"A trial judge in criminal, as in civil cases, may, indeed must, be more than a mere moderator or umpire in a contest between two parties in an arena before him. He should take part where necessary to clarify testimony and assist the jury in understanding the evidence and its task of weighing it in the resolution of issues of fact."
(3) That, of decisive importance, we do not find a single instance of conduct on the part of the judge that in any way prejudiced any of appellants or displayed the slightest bias toward them. This applies to the judge's questioning of witnesses, determining the proper scope of cross-examination and exercising his discretion as to how much of a witness' testimony should be read back to the jury in the interest of fairness and completeness. See United States v. D'Anna, 450 F.2d 1201, 1206 (2 Cir. 1971); United States v. DeSisto, supra, 289 F.2d at 834; Daley v. United States, supra, 231 F.2d at 130.
In short, we hold that the conduct of the trial judge did not deprive them of a fair trial, for we can say with fair assurance, "after pondering all that happened without stripping the erroneous action from the whole, that the judgment was not substantially swayed by the error . . . ." Kotteakos v. United States, 328 U.S. 750, 765 (1946). Cf. United States v. Ellis, 461 F.2d 962, 970 (2 Cir. 1972).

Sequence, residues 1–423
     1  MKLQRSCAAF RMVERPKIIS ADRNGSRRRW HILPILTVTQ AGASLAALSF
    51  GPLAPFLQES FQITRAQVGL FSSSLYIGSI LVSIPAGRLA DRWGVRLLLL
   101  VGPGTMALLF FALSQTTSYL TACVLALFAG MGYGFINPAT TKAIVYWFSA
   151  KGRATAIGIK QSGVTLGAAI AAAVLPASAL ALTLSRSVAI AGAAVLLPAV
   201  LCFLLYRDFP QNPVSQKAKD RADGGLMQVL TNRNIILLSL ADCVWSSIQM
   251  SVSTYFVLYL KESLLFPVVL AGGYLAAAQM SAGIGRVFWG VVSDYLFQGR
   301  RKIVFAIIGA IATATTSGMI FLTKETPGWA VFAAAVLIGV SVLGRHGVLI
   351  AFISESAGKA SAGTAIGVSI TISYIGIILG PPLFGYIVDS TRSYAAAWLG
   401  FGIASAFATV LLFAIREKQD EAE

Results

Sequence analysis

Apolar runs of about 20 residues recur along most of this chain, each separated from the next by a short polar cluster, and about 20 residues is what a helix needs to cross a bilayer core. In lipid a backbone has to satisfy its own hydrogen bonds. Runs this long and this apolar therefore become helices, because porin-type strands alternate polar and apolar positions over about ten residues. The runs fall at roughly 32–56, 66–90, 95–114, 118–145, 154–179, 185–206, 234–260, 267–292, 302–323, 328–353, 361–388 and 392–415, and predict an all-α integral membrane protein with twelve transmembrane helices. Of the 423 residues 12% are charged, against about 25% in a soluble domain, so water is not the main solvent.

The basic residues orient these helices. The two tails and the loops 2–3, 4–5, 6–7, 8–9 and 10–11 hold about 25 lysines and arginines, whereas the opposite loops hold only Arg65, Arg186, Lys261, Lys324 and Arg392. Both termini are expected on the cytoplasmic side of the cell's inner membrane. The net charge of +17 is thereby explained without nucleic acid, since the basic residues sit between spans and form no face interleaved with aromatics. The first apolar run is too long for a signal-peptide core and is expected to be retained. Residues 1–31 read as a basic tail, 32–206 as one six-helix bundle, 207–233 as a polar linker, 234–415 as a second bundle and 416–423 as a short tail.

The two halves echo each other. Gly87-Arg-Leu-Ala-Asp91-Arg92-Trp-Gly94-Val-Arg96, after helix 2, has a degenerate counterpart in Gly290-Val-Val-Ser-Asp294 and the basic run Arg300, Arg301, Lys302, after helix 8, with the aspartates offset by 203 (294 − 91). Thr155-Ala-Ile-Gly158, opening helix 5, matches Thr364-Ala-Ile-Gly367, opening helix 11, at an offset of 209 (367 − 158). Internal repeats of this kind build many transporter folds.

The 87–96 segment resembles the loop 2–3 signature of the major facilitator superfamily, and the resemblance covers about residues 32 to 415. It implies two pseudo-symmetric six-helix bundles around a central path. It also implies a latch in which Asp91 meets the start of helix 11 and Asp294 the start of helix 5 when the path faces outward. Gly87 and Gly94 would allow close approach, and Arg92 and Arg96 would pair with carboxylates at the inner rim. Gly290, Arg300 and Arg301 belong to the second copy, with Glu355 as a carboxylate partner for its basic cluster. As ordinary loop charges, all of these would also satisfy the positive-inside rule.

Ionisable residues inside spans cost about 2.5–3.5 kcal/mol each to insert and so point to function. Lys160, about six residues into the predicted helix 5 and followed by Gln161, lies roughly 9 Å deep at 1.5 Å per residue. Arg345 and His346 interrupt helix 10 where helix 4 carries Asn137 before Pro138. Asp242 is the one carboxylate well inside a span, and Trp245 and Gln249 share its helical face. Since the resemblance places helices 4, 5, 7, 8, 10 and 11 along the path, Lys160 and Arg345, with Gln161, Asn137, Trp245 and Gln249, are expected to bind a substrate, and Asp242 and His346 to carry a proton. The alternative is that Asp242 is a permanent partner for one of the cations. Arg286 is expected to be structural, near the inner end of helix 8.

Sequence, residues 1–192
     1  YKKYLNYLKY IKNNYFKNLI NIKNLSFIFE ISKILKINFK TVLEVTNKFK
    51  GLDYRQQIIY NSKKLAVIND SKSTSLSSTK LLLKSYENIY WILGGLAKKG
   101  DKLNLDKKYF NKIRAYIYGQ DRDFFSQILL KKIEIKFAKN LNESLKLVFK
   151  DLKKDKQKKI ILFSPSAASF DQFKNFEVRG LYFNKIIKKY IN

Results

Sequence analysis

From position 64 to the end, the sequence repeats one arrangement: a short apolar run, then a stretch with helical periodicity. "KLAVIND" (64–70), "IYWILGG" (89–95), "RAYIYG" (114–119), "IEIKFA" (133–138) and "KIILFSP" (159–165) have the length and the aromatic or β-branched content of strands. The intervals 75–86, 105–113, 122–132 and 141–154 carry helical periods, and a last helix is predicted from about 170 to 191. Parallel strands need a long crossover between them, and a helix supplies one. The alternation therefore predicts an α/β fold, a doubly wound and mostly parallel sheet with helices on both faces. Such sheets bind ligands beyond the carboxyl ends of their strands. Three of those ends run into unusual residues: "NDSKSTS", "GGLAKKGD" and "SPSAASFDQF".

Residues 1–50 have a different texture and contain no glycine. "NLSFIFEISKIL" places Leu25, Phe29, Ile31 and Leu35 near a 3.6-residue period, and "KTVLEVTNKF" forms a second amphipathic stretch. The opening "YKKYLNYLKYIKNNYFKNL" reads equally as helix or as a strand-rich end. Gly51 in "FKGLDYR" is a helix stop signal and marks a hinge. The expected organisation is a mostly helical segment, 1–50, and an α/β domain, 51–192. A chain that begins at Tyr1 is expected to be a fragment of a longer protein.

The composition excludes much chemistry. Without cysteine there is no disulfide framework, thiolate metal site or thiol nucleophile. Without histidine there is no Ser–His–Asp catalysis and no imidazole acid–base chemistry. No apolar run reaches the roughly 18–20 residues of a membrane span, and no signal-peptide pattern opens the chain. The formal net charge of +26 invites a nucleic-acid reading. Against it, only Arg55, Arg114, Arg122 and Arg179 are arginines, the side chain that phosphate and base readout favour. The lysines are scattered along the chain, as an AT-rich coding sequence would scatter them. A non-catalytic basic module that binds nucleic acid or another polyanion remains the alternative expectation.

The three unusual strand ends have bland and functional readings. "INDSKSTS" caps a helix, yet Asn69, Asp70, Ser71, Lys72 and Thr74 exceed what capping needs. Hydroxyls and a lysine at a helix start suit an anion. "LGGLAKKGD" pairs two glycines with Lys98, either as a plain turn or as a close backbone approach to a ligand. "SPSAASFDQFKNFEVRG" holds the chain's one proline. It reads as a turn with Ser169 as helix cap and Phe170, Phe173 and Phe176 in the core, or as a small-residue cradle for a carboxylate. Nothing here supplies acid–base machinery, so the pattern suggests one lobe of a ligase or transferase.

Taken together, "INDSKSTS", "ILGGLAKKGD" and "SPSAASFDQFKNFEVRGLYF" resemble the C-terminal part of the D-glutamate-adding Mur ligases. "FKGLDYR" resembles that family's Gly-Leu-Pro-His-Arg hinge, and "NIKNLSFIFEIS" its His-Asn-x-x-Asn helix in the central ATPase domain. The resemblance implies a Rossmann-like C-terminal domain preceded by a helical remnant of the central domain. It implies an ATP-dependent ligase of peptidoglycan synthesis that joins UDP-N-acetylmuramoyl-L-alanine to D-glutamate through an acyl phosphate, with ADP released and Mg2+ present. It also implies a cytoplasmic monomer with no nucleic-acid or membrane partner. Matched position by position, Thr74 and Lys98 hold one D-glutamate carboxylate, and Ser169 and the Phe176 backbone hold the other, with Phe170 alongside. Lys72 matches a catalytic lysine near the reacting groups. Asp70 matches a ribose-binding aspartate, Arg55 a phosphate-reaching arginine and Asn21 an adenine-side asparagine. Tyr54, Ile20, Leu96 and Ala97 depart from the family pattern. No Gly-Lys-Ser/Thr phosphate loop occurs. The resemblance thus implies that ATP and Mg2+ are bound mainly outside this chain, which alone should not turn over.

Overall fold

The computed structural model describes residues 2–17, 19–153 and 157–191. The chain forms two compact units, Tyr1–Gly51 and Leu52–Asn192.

Finally, we have considered appellants' other claims of error and we find them without merit. Appellants were convicted after a fair trial on the basis of overwhelming, uncontradicted evidence of serious crimes committed nearly two years ago. We order that the mandate issue forthwith.
Of the United States District Court for the Southern District of New York, sitting by designation
The indictment, returned March 18, 1971, also charged defendants Paul White and Almando Pando, as well as the three appellants, with possession of the stolen ingots. Prior to trial, White's case was severed and he testified as a government witness. Pando was convicted on the possession count, but has not appealed
The indictment also charged the three appellants, as well as White and Pando, with conspiracy. The conspiracy count was dismissed as to all defendants at the close of the government's case.
On March 24, 1972, McCarthy, DeLorenzo and Komplita were sentenced to terms of imprisonment of eight years, seven years and two years, respectively. All have been enlarged on bail pending appeal.
See United States v. Bradwell, supra, 388 F.2d at 621 n. 1
If the government had considered the presence of tatoo marks on McCarthy's arms to be critical on the issue of identification, it undoubtedly could have obtained an order, upon timely application, requiring him to submit his arms for inspection. The cases are legion that an accused can be required, without violating his privilege against self-incrimination, to submit his bodily or other identifying features for inspection. See, e. g., United States v. Wade, 388 U.S. 218, 221-23 (1967) (lineup); Schmerber v. California, 384 U.S. 757, 760-65 (1966) (blood-alcohol test); Holt v. United States, 218 U.S. 245, 252-53 (1910) (putting on clothing used in crime); United States v. Doe (Devlin), 405 F.2d 436, 438-39 (2 Cir. 1968) (handwriting exemplars); 8 Wigmore, Evidence Sec. 2265 (McNaughton rev. 1961). Cf. United States v. Doe (Schwartz), 457 F.2d 895, 896-97 (2 Cir.), stay granted, 406 U.S. 955 (1972) (handwriting exemplars)